Crimson Peak (2015)
Director: Guillermo del Toro
Cast: Mia Wasikowska, Jessica Chastain, Tom Hiddleston, Charlie Hunnam, Doug Jones
Every time a Guillermo del Toro film premieres I get giddy as a schoolboy because you know, he’s one of the modern day greats. There’s no denying he’ll go down as one of the greats of his generation, and best part of all is that he’s all about horror and sci-fi, and trust me, a director who is as knowledgeable about the genre as he is, is not an easy thing to find. I mean, sure there’re directors making horror films out there, but most of them don’t truly understand and love horror, they don’t know all the right movies to borrow from, they don’t have that fanboy mentality. Not even half of them. Guillermo del Toro is a rare breed of director and I, as a fan of the genre, truly appreciate whatever he does because you just know it comes from someone who knows his shit. So of course I was excited when word of Crimson Peak came out, I just knew Guillermo del Toro was going to load it with an extra dose of Gothic sensibilities! So did he? Did Crimson Peak disappoint?
Story is all about this writer called Edith Cushing, who’s swept off her feet by Thomas Sharpe, an entrepreneur who comes into town looking for financial backup for one of his business ventures. He doesn’t find it, but he does find Edith, whom he immediately falls in love with and marries. He takes her with him to his mansion in London. The mansion looks awesome and it’s huge, but it’s kind of old and falling apart. Ghosts have been warning Edith (who is a bit of a psychic) about something called ‘Crimson Peak’, what are these ghosts talking about? Should Edith listen to them?
If you are a horror connoisseur, then you’ll be picking up references and plot lines from a zillion old horror movies all throughout Crimson Peak. For example, there’s an obvious influence by films like Robert Wise’s TheHaunting (1963) and The Innocents (1961) which are spooky horror movies that rely more on psychological horror rather than on anything we actually see, which is kind the ‘modus operandi’ on Crimson Peak because while the film does have its share of ghosts and spooks, it doesn’t rely only on them to create its dreadful mood. This movie is more about ambiance. I wouldn’t necessarily call this film a true blue horror movie though. Like its main character Edith, who writes stories that aren’t ghost stories, but rather stories with “ghosts in them”. The same can certainly be said of Crimson Peak which is actually more of a love story with horror elements in a Gothic setting, which of course is cool as well. Here’s a movie that maintains its spooky Gothic vibe all the way through to the end. It never lets go of its spookiness, any true horror fan will understand just how great that is. Now, this is not to say that the film isn’t scary of horrifying, it has its bloody, scary, spooky moments. It has stormy nights and ghosts and things that go bump in the night, but with a tragic romance attached to it as well.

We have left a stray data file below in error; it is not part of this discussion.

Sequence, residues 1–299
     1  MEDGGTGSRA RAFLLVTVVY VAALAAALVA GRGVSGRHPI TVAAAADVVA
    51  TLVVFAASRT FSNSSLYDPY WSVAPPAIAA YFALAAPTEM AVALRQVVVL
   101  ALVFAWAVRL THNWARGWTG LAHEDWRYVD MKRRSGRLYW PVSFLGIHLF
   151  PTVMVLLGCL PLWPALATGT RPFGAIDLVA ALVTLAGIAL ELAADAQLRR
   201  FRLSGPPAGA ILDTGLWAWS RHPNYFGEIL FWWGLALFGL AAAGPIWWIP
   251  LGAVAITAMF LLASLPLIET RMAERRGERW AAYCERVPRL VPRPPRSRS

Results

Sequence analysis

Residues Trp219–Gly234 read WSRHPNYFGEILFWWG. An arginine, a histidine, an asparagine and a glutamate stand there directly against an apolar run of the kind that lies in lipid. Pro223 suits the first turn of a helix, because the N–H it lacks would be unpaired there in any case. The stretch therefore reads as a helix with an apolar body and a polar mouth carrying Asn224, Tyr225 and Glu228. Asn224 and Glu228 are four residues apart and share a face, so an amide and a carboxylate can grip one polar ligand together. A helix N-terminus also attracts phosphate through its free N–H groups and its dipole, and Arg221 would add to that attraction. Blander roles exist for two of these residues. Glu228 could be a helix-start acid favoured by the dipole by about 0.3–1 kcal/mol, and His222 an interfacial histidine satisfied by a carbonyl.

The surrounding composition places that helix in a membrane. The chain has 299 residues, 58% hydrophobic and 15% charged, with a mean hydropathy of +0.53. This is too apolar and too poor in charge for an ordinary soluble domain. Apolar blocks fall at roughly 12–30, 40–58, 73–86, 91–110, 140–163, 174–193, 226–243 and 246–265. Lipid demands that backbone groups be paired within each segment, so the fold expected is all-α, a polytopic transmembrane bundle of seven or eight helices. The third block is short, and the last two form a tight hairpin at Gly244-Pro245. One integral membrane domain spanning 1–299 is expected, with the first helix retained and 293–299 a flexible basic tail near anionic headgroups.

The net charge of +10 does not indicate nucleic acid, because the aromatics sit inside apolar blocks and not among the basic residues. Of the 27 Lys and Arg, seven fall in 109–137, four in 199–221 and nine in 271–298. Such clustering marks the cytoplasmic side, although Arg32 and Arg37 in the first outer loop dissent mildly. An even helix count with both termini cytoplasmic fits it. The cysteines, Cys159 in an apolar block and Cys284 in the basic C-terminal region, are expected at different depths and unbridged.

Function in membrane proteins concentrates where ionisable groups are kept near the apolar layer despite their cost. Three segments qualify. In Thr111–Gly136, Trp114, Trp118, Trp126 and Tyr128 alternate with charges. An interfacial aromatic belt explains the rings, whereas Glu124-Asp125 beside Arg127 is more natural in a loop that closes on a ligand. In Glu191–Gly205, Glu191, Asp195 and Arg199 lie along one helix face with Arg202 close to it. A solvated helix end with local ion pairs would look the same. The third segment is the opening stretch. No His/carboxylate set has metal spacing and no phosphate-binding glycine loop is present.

Speaking of influences, I’d say that the biggest influence on this film is Roger Corman’s The Fall of the House of Usher (1960) which by the way is one of my favorite films to see on Halloween night. I’ve already re-watched it this October and enjoyed every part of its spooky, atmospheric vibe. Same as The Fall of the House of Usher, Crimson Peak is about family legacies, houses that are falling apart, doomed romances and that constant dreadful atmosphere. That idea that houses can carry evil across generations; that the ground on which the house was built is cursed and therefore so is the family that lives in it; all these elements can be found on both films. And yet another huge influence on del Toro is, his own film The Devils Backbone (2001). On Crimson Peak we once again have ghosts with blood that floats up into thin air and disappears, which is kind of trademark of Guillermo del Toro at this point. So as you can see, Crimson Peak is an old fashioned horror story, inspired by the best old fashioned horror movies.
Same as all Guillermo del Toro films Crimson Peak is a beautiful film to look at; del Toro once again plays with the color palette in truly satisfying ways, so much so that color actually plays an integral part of the story, which of course makes sense in a film called ‘Crimson Peak’. The art direction is excellent; the house looks gorgeously gothic. It’s that kind of film where 90% of it takes place mostly inside of a house, again, same as Corman’s House of Usher which takes place entirely in one location. For this film, Guillermo del Toro decided to focus primarily on the art production, the set design, which makes sense because if your whole film is centered around a house, then you’d better make damn sure it’s one awesome looking set with lots of nooks and crannies to shoot in, which is exactly what they did here. The house is awesome, worthy of standing next to some of the best haunted house films like Jan De Bont’s The Haunting (1999), which I think is actually a very underrated haunted house film. So anyhow, is there anything wrong with del Toro’s Crimson Peak? Personally, I would have amped up the horror and the ghosts a bit, but then again, it’s not my film, it’s del Toro’s. So Crimson Peak is what it is; a gothic romance with some excellent atmosphere and in many ways, the perfect film to watch on Halloween night! So if you see only one spooky film in theaters this Halloween, Crimson Peak is an excellent choice.
Rating: 4 out of 5